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We’ve all fallen prey to the fast-moving home-decor trends that permeate Pinterest and get churned out by big-box stores (read: gray-washed everything). “I, too, love furniture from the chain stores like CB2 or West Elm,” says Hannah Becker, one of three siblings who own Kin Furniture Co., a new antiques restoration and refinishing shop in Denver’s Elyria-Swansea neighborhood. “But just think how many ‘affordable’ IKEA dressers and television consoles are piled in landfills because they’ve fallen out of style or are not valuable enough to fix.”
Alongside her younger brothers, Sam and Jake, Hannah runs the company with a mission to help people find value and beauty in antique, vintage, heirloom, or secondhand pieces they already own. This respect for furniture relics was instilled in the siblings at an early age: Growing up in Greeley, the trio watched their father, a master furniture-upholsterer, breathe new life into tired pieces out of the family home’s garage. Sam and Jake eventually followed in their father’s footsteps by working in restoration shops in Greeley and Fort Collins before launching Kin in 2017 and then teaming up with their sister and moving to Denver in 2018.
Now, Hannah handles marketing and advertising while Jake and Sam do the meticulous work of sanding, staining, spraying, re-caning, and restoring beloved pieces in their 2,500-square-foot warehouse that formerly operated as a cabinetmaker’s workshop. At any given moment, the shop brims with furnishings in various stages of restoration—recent projects include an original English Hepplewhite accent chair; a circa-1870 French marriage cabinet; a turn-of-the-century, copper-lined Japanese hibachi tea chest; and a leather-upholstered, first-series Eames lounge chair.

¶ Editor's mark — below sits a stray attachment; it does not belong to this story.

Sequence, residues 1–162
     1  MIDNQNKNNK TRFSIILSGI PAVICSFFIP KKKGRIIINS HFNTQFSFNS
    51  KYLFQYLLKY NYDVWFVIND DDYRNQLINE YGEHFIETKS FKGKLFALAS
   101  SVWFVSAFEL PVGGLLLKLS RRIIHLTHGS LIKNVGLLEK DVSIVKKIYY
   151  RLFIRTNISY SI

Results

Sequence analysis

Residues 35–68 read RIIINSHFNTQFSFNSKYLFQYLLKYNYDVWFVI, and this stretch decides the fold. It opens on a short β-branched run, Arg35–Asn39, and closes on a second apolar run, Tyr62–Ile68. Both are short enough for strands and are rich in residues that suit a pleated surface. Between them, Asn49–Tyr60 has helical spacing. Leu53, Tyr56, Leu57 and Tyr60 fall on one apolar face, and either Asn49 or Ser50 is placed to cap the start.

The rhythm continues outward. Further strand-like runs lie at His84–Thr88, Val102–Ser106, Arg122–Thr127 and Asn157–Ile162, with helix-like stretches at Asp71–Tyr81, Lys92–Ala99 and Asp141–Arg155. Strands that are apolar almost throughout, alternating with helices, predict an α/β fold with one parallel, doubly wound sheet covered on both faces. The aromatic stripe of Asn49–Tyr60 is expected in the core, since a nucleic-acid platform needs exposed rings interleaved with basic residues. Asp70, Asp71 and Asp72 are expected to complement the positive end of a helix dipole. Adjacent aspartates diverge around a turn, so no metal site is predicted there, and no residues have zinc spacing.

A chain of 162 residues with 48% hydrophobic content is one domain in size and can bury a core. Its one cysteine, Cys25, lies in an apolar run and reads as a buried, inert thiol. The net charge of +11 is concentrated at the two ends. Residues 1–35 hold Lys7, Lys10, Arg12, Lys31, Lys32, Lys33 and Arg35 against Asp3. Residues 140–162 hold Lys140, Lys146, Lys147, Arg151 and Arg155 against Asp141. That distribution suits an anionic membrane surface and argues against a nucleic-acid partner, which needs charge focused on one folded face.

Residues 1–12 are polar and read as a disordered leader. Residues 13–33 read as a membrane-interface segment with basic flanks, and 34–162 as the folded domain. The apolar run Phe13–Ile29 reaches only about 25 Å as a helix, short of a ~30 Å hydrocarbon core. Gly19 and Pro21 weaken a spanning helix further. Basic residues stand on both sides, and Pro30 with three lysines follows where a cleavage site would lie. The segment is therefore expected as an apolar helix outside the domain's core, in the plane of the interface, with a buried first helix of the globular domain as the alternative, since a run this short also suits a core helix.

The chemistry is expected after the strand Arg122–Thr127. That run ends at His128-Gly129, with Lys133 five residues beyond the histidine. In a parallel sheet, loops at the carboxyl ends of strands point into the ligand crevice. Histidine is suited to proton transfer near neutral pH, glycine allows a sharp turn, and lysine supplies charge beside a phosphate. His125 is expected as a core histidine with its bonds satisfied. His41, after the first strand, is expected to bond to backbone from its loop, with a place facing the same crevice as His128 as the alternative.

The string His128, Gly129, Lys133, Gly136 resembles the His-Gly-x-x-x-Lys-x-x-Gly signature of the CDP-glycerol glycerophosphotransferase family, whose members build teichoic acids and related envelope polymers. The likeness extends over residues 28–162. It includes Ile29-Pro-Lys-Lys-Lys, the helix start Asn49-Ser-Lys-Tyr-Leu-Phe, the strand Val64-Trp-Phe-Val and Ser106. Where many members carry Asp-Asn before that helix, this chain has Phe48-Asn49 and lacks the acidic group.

Antique and vintage furniture, the Kin team insists, is not only made better—it has a better story to tell than its contemporary counterparts. “We honor the
history of each piece, as well as its original craftsmanship,” Jake says. Hannah continues: “Everyone has that story—pulling the china out of the hutch on the holidays, dropping the needle on the turntable in the record-player cabinet. There is something mystical about [furniture]: Blood, sweat, and tears become embedded into the wood and transferred from generation to generation, giving you a sense of identity and a connection to your past.”